Crime in Hawaii | Will you be safe here in the islands?

Hawaii Aloha Travel > Podcast > Crime in Hawaii | Will you be safe here in the islands?

On this Friday, November 11, 2022, episode of the Hawaii Vacation Connection Podcast, Aloha Bruce is talking about crime in Hawaii and the fact that Hawaii is one of the safest travel destinations in the world.

First up is some Hawaii news, including the victory of Josh Green in Hawaii’s 2022 gubernatorial election. Bruce notes Green’s success in handling the Safe Travels program during the pandemic, but Bruce takes issue with his proposal to impose a $50 per-person fee on Hawaii visitors. Bruce notes that the legislature and most of the tourism industry do not support the measure. “This could be the kind of thing that tips people over the edge,” Bruce says about people deciding not to vacation in Hawaii. He notes numerous resort and other fees visitors already face. “Is that a deal breaker for you?”

Next up is the potential sale of the historic Coco Palms Hotel on Kauai, the famous location of iconic films like South Pacific and Elvis Pressley’s Blue Hawaii. Bruce notes the importance of the site to native Hawaiians since long before the hotel in the 1950s. He notes a community group’s efforts to fundraise to secure the property. “We’ll see how that goes.”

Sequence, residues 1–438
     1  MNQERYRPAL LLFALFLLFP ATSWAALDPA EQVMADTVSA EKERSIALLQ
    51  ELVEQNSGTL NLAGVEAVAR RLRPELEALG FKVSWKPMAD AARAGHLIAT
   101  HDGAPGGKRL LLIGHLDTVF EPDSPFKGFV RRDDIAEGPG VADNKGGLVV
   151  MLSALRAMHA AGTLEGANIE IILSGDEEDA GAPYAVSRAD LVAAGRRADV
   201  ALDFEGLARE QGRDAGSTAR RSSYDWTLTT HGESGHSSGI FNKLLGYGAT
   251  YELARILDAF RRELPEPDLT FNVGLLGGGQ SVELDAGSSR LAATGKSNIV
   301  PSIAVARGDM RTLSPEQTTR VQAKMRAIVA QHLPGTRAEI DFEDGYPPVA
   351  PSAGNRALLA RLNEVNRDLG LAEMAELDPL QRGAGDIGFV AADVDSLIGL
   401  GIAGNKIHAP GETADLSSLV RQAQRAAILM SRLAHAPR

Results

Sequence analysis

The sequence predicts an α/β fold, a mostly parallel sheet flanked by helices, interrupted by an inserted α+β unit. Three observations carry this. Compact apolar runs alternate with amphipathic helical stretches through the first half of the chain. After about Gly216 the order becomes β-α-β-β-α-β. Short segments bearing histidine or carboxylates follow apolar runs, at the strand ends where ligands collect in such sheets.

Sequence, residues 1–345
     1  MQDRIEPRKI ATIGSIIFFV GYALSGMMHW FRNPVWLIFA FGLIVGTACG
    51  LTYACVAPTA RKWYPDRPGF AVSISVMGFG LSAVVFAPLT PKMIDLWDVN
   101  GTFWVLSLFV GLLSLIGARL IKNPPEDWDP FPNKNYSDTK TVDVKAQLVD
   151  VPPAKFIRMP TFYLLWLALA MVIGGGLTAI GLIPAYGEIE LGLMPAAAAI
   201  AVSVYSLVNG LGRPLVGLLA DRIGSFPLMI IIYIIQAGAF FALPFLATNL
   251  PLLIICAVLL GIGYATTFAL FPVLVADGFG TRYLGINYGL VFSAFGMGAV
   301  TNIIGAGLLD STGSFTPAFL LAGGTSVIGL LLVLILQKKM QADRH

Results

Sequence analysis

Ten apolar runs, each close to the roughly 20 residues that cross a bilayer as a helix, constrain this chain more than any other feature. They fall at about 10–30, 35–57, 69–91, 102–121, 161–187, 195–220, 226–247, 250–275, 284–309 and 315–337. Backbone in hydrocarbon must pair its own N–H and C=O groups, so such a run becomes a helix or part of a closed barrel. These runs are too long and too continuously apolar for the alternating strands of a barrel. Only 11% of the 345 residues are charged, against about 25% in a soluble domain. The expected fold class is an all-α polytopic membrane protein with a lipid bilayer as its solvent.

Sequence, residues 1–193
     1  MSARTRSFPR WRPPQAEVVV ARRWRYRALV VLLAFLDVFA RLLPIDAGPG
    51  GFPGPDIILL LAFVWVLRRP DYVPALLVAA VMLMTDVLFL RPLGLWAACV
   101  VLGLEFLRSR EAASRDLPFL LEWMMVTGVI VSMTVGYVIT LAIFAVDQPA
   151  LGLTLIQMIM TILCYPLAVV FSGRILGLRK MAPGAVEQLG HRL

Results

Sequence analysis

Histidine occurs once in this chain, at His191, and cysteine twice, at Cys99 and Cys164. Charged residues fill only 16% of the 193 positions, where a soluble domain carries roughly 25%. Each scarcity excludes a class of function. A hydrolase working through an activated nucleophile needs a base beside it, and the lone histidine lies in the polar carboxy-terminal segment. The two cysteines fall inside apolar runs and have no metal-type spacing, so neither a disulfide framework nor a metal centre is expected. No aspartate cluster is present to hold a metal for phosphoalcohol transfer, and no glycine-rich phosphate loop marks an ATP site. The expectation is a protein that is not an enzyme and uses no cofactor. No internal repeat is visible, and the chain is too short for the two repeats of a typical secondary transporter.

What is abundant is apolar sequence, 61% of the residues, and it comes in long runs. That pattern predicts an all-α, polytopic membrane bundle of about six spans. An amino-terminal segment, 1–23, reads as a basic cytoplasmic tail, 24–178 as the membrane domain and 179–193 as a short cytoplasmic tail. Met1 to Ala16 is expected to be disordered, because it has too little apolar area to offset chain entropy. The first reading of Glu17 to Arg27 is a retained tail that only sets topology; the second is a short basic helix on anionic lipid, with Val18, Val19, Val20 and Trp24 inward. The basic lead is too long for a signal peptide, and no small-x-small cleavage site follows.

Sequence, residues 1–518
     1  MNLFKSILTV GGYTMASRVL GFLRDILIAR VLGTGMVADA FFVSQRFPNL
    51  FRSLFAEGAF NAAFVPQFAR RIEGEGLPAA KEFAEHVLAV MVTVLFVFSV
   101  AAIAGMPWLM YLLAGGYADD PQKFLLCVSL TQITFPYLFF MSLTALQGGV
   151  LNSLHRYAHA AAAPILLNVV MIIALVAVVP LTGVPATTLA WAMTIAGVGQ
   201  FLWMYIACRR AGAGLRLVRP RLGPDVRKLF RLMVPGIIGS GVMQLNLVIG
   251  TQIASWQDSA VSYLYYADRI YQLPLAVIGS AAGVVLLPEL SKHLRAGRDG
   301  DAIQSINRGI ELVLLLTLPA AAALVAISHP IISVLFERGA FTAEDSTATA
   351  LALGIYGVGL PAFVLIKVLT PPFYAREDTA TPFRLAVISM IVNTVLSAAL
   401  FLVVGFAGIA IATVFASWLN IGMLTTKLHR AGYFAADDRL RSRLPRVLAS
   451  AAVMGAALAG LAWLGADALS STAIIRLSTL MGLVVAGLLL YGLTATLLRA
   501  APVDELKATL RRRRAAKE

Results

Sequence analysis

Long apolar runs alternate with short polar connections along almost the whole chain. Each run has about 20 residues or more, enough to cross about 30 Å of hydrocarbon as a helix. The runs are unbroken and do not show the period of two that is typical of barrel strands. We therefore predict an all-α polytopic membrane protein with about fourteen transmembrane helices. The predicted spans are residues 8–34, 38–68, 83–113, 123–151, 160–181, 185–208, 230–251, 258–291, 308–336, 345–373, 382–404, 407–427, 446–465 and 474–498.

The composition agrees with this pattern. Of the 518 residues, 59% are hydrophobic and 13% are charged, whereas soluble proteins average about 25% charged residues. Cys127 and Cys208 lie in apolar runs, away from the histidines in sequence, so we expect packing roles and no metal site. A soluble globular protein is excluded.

On to the main topic of crime in Hawaii, Bruce talks about how news gets sensationalized in local and national news. He notes, “We do have crime here, just like everywhere else.” Bruce offers some Department of Justice and FBI statistics that indicate that Hawaii’s crime rate is significantly lower than the rest of the US. “Hawaii visitors are just a fraction of violent crime victims in Hawaii. It’s extremely rare, and that’s why you see it make it headlines.”

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Bruce also offers some specific data on property crime in Hawaii and explains some of the nuance in statistics about crime in Hawaii. He mentions a Travel Pulse ranking that lists Honolulu as the only US city on a short list of the world’s safest travel destinations. Bruce also points out that Hawaii’s visitor arrivals have returned to pre-pandemic levels.

“If it bleeds it leads,” Bruce says of sensationalist headlines in Hawaii. Bruce urges visitors to not believe the hype of those kinds of headlines, like the preposterous fear-mongering local news stories of the danger of fentanyl-laced candy being passed to children on Halloween. It was nonsense. “It’s safe to visit Hawaii! Worry more about ocean safety!”